Comfort: My menstrual cup has always felt like a tampon to me. I can feel when I put it in, and then I forget about it. Just like a tampon, but without the annoying string. Putting it in and taking it out are not painful because you squeeze the bottom so it folds instead of the pulling the whole thing out. (See web sites.) Also, I wet the cup a little when I put it in (or do it in the shower) and that feels fine, even better than putting in a dry cotton tampon.

On the word "alternative:" Actually, this type of menstrual cup has been used for a long, long time. Look up the museum of menstruation to see all the things that were used before Tampax, Playtex, etc. Ask your doctor, and s/he should know about this (but might not.)  There has never been a case of TSS from a menstrual cup.

Life-style: Using a menstrual cup has only made my lifestyle easier. I don't have to worry about bringing tampons in my purse, or what I will do if I sleep over at a party, etc. Since I have never leaked with it, I don't worry about running or wearing white, or doing a handstand. I also don't need to run to a drugstore to buy tampons, and I never have to spend money on menstrual products for the next 10 years. (You should keep the money you save each month in a jar.)

Ease of Use: At first, I had to get used to it (just like I had to get used to tampons.)  When I first got it, it was a bit hard to get in, but when I tried in the shower, it was fine, and now it is much easier than worrying about applicators, shape of tampon, using a panty liner, too, etc. To get it out, you just have to push down with your muscles and pull it out. I was so excited that I never had to buy tampons again that I called my mom and told her all about it (really. Haha).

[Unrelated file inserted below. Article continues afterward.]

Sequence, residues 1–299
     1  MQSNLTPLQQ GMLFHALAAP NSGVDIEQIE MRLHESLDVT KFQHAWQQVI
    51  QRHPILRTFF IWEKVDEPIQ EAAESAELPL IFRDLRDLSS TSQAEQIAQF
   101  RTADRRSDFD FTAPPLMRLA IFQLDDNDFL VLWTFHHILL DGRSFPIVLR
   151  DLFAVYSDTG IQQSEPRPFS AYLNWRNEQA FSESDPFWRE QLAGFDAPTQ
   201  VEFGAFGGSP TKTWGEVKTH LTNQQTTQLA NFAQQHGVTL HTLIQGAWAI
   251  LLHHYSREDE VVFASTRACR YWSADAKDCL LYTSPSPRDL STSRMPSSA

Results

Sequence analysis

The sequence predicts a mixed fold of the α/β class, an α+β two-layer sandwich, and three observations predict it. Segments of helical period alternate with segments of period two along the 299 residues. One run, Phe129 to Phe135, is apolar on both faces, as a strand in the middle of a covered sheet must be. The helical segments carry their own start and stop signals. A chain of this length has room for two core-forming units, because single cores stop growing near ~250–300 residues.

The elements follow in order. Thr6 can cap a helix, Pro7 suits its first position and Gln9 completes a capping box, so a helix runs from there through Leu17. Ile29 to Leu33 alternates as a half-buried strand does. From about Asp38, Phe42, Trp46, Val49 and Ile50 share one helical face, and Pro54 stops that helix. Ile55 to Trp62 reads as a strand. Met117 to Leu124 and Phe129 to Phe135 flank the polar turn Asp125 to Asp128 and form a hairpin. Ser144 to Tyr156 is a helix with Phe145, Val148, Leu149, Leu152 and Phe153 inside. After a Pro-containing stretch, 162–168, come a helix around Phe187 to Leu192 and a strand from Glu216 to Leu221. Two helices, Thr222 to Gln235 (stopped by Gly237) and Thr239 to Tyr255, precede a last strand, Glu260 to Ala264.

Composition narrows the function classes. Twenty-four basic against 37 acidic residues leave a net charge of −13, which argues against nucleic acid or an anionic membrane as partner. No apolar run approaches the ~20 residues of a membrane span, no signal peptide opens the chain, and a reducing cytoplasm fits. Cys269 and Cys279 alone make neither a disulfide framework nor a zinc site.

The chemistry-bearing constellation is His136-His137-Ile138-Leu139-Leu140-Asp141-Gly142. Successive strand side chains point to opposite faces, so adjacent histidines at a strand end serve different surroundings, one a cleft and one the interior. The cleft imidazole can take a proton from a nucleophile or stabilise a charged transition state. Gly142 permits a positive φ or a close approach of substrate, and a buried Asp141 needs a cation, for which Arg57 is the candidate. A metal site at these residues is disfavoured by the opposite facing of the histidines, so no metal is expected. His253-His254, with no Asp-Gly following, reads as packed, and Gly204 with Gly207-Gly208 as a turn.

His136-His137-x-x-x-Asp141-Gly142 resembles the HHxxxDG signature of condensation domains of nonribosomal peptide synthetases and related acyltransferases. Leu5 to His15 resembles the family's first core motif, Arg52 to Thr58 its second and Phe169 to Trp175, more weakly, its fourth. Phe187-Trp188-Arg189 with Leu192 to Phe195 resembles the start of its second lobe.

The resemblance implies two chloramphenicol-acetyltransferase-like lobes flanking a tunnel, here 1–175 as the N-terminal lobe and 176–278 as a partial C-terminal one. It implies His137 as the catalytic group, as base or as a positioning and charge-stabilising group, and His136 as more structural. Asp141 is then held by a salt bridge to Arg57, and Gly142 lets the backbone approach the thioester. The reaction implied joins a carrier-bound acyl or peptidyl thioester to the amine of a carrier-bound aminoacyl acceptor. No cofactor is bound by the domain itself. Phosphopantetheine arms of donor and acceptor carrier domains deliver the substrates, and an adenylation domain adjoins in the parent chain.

Thanks again for participating in my survey. Please do not hesitate to contact me with any questions or comments.




Hi All!

Would you do me the small favor of just filling out these 7 short questions and emailing them back to me? It will take you 3 minutes. It's for a class and also because I'm curious.

Thanks so much!


P.S. - Instead of circling, please type an asterisk by your answers. Thanks!

Menstruation Survey

Name (optional) ____________________ Email (optional) ____________________

Major(s) __________________________

Do you consider yourself a feminist? Yes               No                Sometimes             I Don't Know

1) Have you ever heard of any of the following? (put an asterisk by all that apply)

The Keeper

The Diva Cup


Luna Pads

Other Alternatives to Tampons: ________________

2) Where did you hear about them?

3) Do you use any of the above products?   Which ones?

4) Do you think the prices of tampons and pads are too expensive at drug stores?

5) Would you use an alternative to tampons if the product was easy to use, inexpensive, had to be changed less regularly (example: every 12 hours), proven safe, and was more environmentally friendly?

If no, why not?

6) Has a medical professional ever talked with you about tampon use, research, facts, etc?

7) Has a medical professional ever talked with you about alternatives to tampons, such as the above products?

Anything else you would like to tell me?

Thank you! If you would like to contact me, please email **** at ****.

END of survey
Read the Gilbreth Report, which surveyed college and high school girls in the mid-1920s.

© 2004 Harry Finley. It is illegal to reproduce or distribute work on this Web site in any manner or medium without written permission of the author. Please report suspected violations to